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Thread: Showa In Warm Climates

  1. #41
    Nisai
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    Quote Originally Posted by soelistyo
    Mike, great reading. keep it coming please.
    Quote Originally Posted by soelistyo
    i'll always remember a koi dealer (in spore, same type of weather) once bringing up a sansai shiro bekko a month before a koi show. the fish was yellowish with the sumi looking dull. he told me to take a good look, cause in a couple of weeks it'd look very different. he put the fish in his chilled pond, and sure enough, 2 weeks later i went to visit him again and the difference was spectacular. it was snow white and the sumi much improved.


    Soelistyo,

    That is the reason why I do not intend to keep Shiro utsuri yet. I will need chillers or keep them in indoor pond with air-condition on 24/7.

    SF

  2. #42
    Nisai soelistyo's Avatar
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    i've seen many beautiful shiros, in my eye, in unchilled ponds in these parts. still show the unique shiroji typical of shiro and thick, rich sumi in many examples. actually, the more common problem i see here with shiros is the body shape rather than the colors or skin failing to shine through. it could be that your standards/expectations of koi or shiros must be higher than mine, judging from your decision, cause i don't conclude that a chiller (though i guess can only help) is a prerequisite for keeping shiros.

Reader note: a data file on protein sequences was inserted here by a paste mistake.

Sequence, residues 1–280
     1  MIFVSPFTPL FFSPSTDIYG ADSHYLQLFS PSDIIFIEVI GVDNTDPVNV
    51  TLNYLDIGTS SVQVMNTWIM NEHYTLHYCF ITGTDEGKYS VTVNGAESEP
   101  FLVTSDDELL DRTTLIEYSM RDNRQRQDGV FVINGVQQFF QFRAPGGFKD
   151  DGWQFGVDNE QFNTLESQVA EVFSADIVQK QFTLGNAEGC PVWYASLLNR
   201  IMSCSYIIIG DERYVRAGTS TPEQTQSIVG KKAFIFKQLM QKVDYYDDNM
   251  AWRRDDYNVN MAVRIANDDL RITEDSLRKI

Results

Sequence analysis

3. #43
    Daihonmei MikeM's Avatar
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    In the September 1995 issue of Rinko (English), there is an article concerning a rooftop pond in Okinawa, which has a subtropical climate. The author makes a point contrary to all I have read elsewhere, but for that very reason I found it of interest:

    "Koi in Okinawa generally have brighter Hi. I wonder if there is a relation between the color of Hi and sunlight. In this matter, a koi dealer of Hong Kong also said that koi brought into Hong Kong from Japan easily gain the color of Hi there.

    The koi in Okinawa may well have a peculiar color to them. I remember that bright color of Hi which Mr. Uehara's koi have."

    There is insufficient information regarding foods used, bloodline of the koi observed or other data related to pigment to even speculate on reasons that might explain the observation. A photo makes clear that the pond in question was not even waist deep, unshaded and fully exposed to the sun. There is no reference to use of cooling equipment or even constant flow of fresh water, but perhaps water temperatures were being controlled by one means or another?